How to Prepare Your Business for the Post-Corona World

The worst came to pass earlier in April when the United States overtook Italy as the country with the most deaths from COVID-19. Even if you follow the most optimist of analysts, there appears to be worse to come. The Fed has already announced a $2.3 trillion stimulus package for businesses and households. Yet still, the question remains: how will companies fare after the country reopens? 

We’ve all seen the disastrous effects of the COVID-19 pandemic on American businesses across the country. With millions of workers filing for unemployment benefits, the current circumstances will test the strength of the American economy in a way it’s never been tested before. The Great Depression of 1929 and the Global Recession of 2008 are comparable events in history. Still, the COVID-19 crisis has a unique feature no economic disaster in history has had: there’s no clear end in sight. 

The novelty of the crisis meant no government or corporate could prepare for a pandemic of this scale. Despite this, we must keep exploring the possible ways to bring life – especially business life – back to normal.  

The question now is how prepared American firms are for dealing with a post-corona economy. In the first part of this two-part series, we’ll be looking at how your business should prepare for the post-corona world. 

Let’s get started.

Preparing for The Post-Corona World

Although COVID-19 is a pandemic like no other, the ‘powers to be’ must now do all they can to make sure regular service resumes very quickly once this crisis is over.

Much like dealing with any disaster, different actors need to play their part to bring things back to normal. In the case of COVID-19, the two main actors are the government and private corporations.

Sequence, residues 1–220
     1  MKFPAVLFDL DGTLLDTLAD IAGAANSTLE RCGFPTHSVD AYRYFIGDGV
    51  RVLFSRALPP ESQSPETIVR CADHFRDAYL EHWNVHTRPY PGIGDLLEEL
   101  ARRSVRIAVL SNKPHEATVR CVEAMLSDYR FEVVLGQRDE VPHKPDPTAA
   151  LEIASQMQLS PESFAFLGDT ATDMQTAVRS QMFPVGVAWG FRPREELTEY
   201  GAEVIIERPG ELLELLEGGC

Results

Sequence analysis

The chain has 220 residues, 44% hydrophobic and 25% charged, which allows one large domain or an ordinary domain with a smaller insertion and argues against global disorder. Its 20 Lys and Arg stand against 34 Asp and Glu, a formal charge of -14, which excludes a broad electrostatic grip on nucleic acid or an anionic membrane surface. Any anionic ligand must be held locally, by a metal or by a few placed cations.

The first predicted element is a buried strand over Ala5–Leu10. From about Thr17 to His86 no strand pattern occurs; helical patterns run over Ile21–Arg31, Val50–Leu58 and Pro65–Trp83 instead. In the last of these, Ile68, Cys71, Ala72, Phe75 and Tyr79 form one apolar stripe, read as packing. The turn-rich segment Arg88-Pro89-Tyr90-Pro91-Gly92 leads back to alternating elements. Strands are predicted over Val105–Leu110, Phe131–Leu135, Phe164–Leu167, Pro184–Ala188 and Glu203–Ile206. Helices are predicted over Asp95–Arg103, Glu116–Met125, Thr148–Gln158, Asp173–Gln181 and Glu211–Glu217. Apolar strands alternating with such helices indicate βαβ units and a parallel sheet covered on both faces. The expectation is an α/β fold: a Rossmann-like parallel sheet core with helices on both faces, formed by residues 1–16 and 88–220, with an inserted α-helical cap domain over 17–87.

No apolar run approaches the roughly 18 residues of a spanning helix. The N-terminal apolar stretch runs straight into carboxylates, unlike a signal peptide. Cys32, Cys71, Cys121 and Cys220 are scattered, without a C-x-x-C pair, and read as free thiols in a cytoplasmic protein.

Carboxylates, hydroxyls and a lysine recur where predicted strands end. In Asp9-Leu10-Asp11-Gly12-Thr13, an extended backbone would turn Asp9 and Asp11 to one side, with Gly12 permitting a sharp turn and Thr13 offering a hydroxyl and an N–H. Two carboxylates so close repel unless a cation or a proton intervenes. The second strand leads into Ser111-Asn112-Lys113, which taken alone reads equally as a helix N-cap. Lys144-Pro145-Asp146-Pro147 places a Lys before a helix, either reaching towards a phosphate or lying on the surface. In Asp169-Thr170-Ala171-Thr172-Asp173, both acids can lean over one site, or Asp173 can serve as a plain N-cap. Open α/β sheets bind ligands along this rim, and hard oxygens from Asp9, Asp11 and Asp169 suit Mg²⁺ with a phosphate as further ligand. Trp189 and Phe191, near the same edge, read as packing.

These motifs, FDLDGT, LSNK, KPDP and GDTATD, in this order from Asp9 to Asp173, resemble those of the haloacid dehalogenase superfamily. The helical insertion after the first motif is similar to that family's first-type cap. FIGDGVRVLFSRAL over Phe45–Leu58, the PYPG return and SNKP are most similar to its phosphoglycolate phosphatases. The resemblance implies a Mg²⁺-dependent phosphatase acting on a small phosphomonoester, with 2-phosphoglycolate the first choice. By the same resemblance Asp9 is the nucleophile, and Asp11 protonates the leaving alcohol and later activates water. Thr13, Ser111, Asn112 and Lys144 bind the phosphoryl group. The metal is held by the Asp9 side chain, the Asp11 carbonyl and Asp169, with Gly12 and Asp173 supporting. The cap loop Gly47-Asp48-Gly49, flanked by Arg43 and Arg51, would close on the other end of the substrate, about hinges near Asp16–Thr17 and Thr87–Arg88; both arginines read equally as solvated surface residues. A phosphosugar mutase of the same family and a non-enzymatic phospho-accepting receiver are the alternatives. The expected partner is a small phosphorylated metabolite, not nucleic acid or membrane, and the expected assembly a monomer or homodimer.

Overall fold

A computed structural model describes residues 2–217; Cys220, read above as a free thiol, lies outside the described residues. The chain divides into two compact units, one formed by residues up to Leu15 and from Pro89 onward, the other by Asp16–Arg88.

The Government’s Role

We must give credit where it’s due. The government, or rather the Fed, seems to have taken the essential steps to curb the crisis. Including:

Offering a Stimulus Package 

The Fed will be injecting a whopping $2.3 trillion into the economy to keep the wheel turning. This money will be distributed among businesses and households alike.

Lower Interest Rates

Lowering the interest rate is another great tool in the hands of the Federal Reserve to ease the pressure of economic downturns on businesses. Lower interest rates ensure people have easy access to money, and employers can afford to pay wages despite lower demand for their goods or services.

Quantitative Easing

This term means that the Fed has started buying government bonds, and the government can use the money to subsidize various sectors of the economy.

In light of the steps above, few can argue against the government’s resolve to fight this pandemic. Now the corporate world needs to step forward and make a statement of intent as well.

Companies’ Role

Here’s what businesses need to do to prepare for the post-corona world:

Ensure Business Continuity

This will be an uphill task for companies whose services are deemed ‘not essential’ (tourism, restaurants, entertainment) or require extensive social interaction (education, retail). 

But it is doable! For the latter type, there are two workarounds: 

1) Work from home 

2) Establish an online presence.

The good news? Several such businesses are already taking these steps, and the results so far have been promising.

Abate the Cash Crunch

Business leaders need to take prudent steps to keep a potential cash crunch at bay. Ensuring business continuity might not be enough, so companies need to make use of the government’s relief packages efficiently.

Retain Employees

Blindly firing employees can seem an easy way to keep the bottom-line on P/L statements unscathed. But only the most blinkered leaders would take such steps. 

Nobody can say for sure how long COVID-19 will last. But if a company fails to protect its employees now, it may never be able to compete with one’s who stand by their workers, once the epidemic subsides.

These steps will help your business prepare for the post-Corona world, but they’re just the beginning. Check out part two of this series for the next steps your business should take to prepare for the new normal.